As I was reading yet another report on the struggle of an Islamic dominated country to adopt democracy ( this time, Afghanistan), something struck me. So often the wording in the religious debate, now, is fundamentalism vs. “reasonable” religion, but suddenly this verse came into my mind:
…and it started me thinking about how the discussion, the defining lines in it, are faulty, especially for those who call themselves Christian.
In the matter of fundamentalism, what is expressed? It is a return to the foundations, the orthodoxy of a specific faith. That is what it is. In Christianity fundamentalism was a reaction to the deconstructionism that gutted the faith of its identifying attributes. We call that Liberal theology now, but it was destruction of the basic tenets, so that now what we see in mainstream Christianity is the outcome in churches (such as the Presbyterian, for example) …where Christ is not even seen as necessary to the faith of Christianity. Who cares if the world takes Christ out of Christmas if the Christians themselves take Him from Christianity?
So in the present discussion, the “reasonable” Christian faith is one in which dilution and weakness of conviction is the goal. As opposed to strength of conviction in those who retain the emphasis on the foundations of the tenets and faith. The equation works out something like this:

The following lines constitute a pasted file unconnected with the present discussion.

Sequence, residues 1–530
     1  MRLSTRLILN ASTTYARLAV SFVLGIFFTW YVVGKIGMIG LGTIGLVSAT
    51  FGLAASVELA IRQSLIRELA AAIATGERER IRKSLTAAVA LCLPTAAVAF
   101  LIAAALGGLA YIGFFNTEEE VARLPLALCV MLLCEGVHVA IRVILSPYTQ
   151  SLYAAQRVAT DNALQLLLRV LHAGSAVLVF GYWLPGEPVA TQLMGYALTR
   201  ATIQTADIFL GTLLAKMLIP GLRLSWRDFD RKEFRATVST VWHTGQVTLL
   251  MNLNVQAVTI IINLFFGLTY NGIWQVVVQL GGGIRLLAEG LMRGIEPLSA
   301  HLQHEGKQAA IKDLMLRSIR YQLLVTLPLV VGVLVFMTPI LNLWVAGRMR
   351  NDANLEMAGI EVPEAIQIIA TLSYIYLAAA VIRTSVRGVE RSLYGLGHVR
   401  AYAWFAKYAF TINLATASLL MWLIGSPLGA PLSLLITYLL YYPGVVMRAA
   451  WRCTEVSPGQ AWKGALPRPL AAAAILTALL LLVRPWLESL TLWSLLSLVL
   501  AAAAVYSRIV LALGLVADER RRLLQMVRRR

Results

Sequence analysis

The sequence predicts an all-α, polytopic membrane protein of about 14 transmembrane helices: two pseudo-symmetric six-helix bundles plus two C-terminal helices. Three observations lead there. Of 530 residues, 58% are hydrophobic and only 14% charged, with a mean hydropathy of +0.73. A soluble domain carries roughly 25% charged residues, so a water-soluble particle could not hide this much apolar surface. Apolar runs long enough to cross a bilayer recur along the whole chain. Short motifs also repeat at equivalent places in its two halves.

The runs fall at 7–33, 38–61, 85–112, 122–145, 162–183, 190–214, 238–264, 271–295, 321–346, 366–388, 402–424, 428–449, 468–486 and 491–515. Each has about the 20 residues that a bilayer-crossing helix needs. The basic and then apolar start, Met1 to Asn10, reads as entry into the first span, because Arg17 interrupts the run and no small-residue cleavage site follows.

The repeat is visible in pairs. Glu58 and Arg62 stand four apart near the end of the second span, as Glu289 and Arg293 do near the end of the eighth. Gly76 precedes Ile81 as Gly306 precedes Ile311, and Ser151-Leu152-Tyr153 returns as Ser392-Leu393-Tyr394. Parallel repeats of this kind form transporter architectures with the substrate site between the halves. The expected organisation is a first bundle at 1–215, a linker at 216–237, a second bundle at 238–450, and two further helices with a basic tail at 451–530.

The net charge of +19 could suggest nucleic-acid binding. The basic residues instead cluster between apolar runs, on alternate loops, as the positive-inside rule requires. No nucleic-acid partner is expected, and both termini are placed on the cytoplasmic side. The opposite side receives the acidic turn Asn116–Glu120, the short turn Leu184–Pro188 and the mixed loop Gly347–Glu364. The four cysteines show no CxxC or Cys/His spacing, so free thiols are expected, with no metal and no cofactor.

strong conviction of fundamentalism=bad, while ever weakening dilution of conviction of ‘reasonable’ religion=good. And this is increasingly portrayed in the language of the culture. Fully embraced and utilized by Christians within their intrafaith discussions.
But I started asking myself: is this the terminology that is scriptural? And in the verse that came to my mind I began to see that the discussion becomes very different when you look at the criteria for religion, which in the Bible is outcomes. And that puts a very different light on what fundamentalism should be as opposed to how it is going.
The temptation for Christians in America is going to be first, whether to remain Christian at all… and secondly, if adhering to the basic faith is chosen, what course of action one takes in the culture to live out that faith. If there is no core of conviction to the faith, the true faith, there as a foundation, then the call to political and social action is going to be much like the breach in the wall that Isaiah described:
…and that is something that I see happening within our churches. We have no solid foundations in the faith, yet our emphasis is to reach outward into the needs of the culture and the world. That call is there, but it is predicated on the strength of conviction and the trueness to Christ and the gospel.
Or we have adherence to foundations, but we are whipped around in reactionary flailing at straw men and paper tigers. We aren’t true to our compass, or our calling.
Either way, it ends up being civil and fraternal war…. as we accept the nomenclature of our age: fundamental vs. reasonable.
While Christ calls us to be both reasonable and moderate in our demeanor and fundamentally true to our convictions.